Charity takes many forms. There’s a lot of good work waiting to be done out there. It takes time, including the time concentrated and stored within dollar bills. A weak, exhausted, bankrupt, dependent nation has little strength available for the expression of compassion. For too long, we have accepted the bleak fantasy that only massive government bureaucracies, extracting money through compulsive force, can render effective assistance to the needy. We’ve poured our strength into a system that delivers only pennies on the dollar to deserving recipients. Our industry withers beneath its growing demands, which are always presented as selfless public service to the downtrodden, even though only a tiny fraction of its rusted machinery is truly dedicated to such purposes.
What good can we do, for imperiled and suffering people – within our borders, and around the world – if we sink helplessly into dependency, redistribution, and command economics? Where will the strength for tomorrow’s benevolence come from, if a shrinking private sector populated by increasingly less free people are forbidden from seeking opportunity, and denied the capital to exploit what little they can find? What room remains for voluntary charity, when a weary people must work over half the year to fulfill the mandatory obligations imposed upon them by politicians?
I used to do volunteer work for a small cancer charity. We helped a lot of people over the years. We recently made the painful decision to shut down our operation, because it became too hard to collect a meaningful amount of donations. We heard the same story, over and over again: I just can’t spare anything in this economy.
Presidential elections are about more than just selecting a new chief engineer for the immense system reaching from Washington into every American home and business. They are a chance for us to express who we are as a people, and how we want our nation to grow. It is foolish to limit our minds and hearts by childishly deciding that one particular direction, the perpetual growth of the central State, is “forward,” while all others are “regressive.” There is nothing inevitable about collapsing into weakness, obedience, and bitter division.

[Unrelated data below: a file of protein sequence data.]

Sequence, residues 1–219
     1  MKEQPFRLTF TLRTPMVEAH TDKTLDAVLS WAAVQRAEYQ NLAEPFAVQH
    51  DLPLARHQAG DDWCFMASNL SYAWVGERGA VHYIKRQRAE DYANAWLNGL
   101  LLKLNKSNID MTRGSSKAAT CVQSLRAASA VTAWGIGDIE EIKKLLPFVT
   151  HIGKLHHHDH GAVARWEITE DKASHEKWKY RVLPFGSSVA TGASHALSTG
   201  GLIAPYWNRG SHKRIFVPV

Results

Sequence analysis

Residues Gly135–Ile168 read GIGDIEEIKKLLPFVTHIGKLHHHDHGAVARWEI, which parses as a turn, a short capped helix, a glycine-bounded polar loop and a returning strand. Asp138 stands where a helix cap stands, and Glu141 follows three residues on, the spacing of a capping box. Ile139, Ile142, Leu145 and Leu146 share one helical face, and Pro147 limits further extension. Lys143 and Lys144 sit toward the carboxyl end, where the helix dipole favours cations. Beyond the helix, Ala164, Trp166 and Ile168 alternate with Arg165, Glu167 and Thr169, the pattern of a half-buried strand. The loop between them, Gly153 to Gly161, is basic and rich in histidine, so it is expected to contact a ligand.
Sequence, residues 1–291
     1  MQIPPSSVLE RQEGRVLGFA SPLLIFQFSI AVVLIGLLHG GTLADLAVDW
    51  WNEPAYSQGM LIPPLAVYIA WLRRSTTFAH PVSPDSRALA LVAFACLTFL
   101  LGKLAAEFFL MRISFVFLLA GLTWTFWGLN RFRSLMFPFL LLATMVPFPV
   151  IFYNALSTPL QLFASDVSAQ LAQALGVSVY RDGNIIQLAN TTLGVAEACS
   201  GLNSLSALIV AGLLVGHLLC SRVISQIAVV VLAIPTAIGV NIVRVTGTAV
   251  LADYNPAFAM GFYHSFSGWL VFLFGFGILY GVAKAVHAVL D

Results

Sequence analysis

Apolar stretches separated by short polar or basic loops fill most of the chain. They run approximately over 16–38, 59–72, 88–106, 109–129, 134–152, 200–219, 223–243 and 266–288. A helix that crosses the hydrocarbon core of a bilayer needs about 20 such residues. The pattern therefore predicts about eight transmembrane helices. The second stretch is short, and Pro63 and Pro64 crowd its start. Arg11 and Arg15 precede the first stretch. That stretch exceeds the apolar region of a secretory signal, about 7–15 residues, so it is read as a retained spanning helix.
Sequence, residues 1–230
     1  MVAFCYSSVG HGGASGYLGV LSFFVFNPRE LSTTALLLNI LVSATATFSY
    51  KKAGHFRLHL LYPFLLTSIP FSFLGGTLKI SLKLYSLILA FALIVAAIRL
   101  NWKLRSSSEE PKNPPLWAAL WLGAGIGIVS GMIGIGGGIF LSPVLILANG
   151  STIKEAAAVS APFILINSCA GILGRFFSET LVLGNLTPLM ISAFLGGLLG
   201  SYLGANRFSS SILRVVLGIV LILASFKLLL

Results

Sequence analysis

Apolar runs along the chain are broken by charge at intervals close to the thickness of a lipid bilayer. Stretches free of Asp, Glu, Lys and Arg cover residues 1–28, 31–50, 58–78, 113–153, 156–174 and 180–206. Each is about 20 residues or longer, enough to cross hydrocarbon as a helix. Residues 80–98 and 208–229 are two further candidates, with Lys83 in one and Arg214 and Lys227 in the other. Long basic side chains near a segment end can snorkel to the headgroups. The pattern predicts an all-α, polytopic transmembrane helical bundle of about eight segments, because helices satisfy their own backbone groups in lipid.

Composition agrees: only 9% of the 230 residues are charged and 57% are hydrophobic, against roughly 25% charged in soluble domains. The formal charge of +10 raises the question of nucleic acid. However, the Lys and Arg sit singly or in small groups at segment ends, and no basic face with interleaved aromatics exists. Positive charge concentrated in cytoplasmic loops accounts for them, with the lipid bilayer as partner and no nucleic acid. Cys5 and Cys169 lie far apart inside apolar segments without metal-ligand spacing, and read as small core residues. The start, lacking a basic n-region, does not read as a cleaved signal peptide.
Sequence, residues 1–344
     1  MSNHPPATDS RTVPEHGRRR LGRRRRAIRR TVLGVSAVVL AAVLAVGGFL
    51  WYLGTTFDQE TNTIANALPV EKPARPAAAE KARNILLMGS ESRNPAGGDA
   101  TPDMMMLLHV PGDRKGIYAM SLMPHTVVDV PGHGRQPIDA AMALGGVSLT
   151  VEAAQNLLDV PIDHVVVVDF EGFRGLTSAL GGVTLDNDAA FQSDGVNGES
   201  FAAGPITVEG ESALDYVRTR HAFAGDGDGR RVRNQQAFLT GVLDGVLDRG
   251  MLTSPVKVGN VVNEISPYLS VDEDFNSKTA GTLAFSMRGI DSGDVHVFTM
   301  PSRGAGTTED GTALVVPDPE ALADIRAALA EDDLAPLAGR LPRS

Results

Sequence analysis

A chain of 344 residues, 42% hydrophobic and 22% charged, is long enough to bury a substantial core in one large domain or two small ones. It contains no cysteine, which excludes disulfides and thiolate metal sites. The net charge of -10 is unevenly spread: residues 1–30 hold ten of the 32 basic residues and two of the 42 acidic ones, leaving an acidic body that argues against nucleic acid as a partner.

I don’t want to live in an America of mandates, commands, moratoriums, bailouts, confiscation, redistribution, compulsion, and obligation. I don’t want to live among able-bodied people who believe they are helpless, because someone’s ideology tells them so. I don’t want to take care of adults who spend their days living as children. I’m tired of hearing that some people shouldn’t take risks, because they don’t stand a chance. I’ve had my fill of inertia marketed as desperation, and freedom dismissed as selfishness. I’m tired of hearing that obedience is the only way to express compassion. I am sick unto death of “leaders” who presume knowledge of what I’m entitled to, what I’m capable of, and what I don’t care about.
I want to live in a nation that keeps company with dying children and nourishes their dreams. I want to live in a country strong and kind enough to carry Thanksgiving feasts and Christmas presents to people who truly need help. I want to look through tangles of plastic and tubes, to see beautiful little girls and boys. I want to be part of a country that makes time to rescue lost people from dark places. I want to invite open hearts into the joyous communion of charity. I want to be part of a great and generous American story that is written by millions of hands, not dictated by a few.
I think Mitt Romney is an extraordinary man, running for the presidency of a country filled with men and women just like him.